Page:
The verdict from JT and our friend Hilary? "Awesome monkey cookies."

Monday, August 23, 2010

Sneaky Mashed Potatoes

I was in charge of cooking tonight's family dinner for my parents & brother. Yay! I made my Make-Do Marinade for a tasty tri-tip steak, a salad, and brought half a frozen Gluten Free Chocolate Pear Torte that I served with ice cream. I thought the meal needed mashed potatoes. So I scrubbed, quartered, and boiled the potatoes.

The problem? There's no butter in my parents' house currently.

My sneaky solution? I used the standard mashed potato ingredients (milk, salt, parsley) plus three tablespoons of brie. Brie? Yes brie. Just be sure to add it while the potatoes are still hot enough to melt the cheese.

I don't know many households that have brie but not butter, but hey, it worked. And it was simply scrumptious. In fact, I might prefer it.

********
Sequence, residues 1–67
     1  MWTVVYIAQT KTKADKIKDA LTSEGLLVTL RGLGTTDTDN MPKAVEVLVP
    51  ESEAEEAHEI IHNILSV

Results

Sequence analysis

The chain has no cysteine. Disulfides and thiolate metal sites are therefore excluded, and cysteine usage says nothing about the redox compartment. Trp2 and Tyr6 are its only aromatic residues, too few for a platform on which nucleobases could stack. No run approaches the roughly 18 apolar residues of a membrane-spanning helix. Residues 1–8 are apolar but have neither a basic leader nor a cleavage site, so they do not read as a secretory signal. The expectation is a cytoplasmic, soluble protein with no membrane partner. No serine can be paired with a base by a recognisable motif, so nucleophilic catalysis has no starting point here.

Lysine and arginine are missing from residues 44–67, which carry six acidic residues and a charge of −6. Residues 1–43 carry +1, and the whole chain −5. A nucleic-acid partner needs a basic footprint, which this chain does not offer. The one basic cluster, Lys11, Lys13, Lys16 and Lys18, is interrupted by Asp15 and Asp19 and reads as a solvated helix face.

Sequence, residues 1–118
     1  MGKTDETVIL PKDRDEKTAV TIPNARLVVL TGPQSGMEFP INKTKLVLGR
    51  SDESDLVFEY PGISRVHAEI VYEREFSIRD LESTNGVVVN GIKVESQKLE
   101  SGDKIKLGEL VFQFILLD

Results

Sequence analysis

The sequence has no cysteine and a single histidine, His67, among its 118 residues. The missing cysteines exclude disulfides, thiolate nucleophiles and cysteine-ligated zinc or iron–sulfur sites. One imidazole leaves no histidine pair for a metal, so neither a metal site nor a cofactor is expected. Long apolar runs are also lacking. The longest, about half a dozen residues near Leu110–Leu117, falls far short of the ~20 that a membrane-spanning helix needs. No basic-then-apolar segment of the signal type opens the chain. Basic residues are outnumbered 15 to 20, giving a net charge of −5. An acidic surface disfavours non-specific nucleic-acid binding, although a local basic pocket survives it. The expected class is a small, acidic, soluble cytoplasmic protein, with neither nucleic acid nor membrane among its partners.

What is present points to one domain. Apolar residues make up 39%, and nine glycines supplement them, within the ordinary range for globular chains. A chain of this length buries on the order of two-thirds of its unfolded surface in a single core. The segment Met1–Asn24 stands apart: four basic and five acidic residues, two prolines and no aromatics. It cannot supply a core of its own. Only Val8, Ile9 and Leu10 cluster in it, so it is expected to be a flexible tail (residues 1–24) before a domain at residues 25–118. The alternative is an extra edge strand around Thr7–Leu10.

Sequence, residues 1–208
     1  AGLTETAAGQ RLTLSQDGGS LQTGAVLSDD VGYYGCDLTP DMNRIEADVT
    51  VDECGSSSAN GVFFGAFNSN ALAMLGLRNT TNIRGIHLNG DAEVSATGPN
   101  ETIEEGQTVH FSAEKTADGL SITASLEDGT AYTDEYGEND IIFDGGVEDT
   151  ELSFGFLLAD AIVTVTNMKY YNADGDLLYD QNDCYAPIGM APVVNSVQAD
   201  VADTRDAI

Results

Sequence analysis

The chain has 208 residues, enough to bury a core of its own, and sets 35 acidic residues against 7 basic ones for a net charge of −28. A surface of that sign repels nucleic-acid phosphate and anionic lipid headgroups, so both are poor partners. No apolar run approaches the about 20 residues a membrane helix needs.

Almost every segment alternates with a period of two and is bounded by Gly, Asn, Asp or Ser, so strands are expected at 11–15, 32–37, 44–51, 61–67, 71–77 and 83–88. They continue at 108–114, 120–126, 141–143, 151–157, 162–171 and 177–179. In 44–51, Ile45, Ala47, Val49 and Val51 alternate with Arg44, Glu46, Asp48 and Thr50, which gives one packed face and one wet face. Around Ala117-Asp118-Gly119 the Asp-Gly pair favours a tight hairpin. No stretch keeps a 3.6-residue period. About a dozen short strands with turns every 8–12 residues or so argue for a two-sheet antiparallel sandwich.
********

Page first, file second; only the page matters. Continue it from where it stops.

Friday, August 20, 2010

Follow-Up: Shortcut Frosting

All in all, I was disappointed by the latest edition of Real Simple Magazine. Leopard prints are back in? No.

But one particular idea was golden, and perfectly timed with yesterday's Shortcut Cupcakes: Shortcut frosting. If you're in a time pinch and can't spare time (or money, or ingredients), simply use a marshmallow. Stick it on top of the cupcake a few minutes before the cupcakes are done baking, and let it melt deliciously. Passing on the genius to you!

Thursday, August 19, 2010

Delightful DeLemonade

A simple summer drink that is always a party hit, and a great way to enjoy a non-dehydrating, non-intoxicating drink with a wine flavoring.

Martha Stewart suggests using the remaining red wine in the bottle after a party to make wine cubes, which she suggests you later use to make soup stock. Awesome idea, right? One problem -- leftover wine??? Not at my parties.

But I make wine cubes nonetheless, and find them quite handy.